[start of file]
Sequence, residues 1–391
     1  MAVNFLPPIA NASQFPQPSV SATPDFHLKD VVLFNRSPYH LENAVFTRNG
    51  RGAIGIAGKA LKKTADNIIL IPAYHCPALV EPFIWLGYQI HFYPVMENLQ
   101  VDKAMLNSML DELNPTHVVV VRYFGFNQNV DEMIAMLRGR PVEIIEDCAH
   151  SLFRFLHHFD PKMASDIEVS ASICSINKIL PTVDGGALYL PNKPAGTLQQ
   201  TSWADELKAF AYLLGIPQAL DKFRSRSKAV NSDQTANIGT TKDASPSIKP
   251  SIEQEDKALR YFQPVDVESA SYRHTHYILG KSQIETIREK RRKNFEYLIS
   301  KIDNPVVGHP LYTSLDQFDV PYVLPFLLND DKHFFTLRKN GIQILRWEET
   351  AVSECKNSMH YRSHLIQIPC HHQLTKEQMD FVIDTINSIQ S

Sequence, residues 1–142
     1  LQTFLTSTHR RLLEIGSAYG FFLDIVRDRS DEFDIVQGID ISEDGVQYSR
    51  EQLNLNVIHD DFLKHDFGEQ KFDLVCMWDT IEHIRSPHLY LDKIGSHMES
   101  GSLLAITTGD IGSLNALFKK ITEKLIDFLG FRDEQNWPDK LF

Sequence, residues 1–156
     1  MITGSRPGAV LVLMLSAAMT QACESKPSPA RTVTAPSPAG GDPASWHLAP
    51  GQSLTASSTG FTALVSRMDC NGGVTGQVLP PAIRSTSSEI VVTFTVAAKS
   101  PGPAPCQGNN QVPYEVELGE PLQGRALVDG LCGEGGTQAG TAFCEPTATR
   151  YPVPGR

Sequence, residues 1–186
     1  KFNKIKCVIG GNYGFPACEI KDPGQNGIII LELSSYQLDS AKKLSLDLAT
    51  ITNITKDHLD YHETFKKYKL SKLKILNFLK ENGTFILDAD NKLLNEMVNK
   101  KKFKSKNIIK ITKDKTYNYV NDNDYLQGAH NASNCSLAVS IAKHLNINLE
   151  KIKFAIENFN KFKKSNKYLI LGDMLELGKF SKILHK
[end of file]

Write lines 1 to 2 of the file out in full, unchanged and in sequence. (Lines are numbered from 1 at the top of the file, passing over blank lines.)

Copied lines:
Sequence, residues 1–391
     1  MAVNFLPPIA NASQFPQPSV SATPDFHLKD VVLFNRSPYH LENAVFTRNG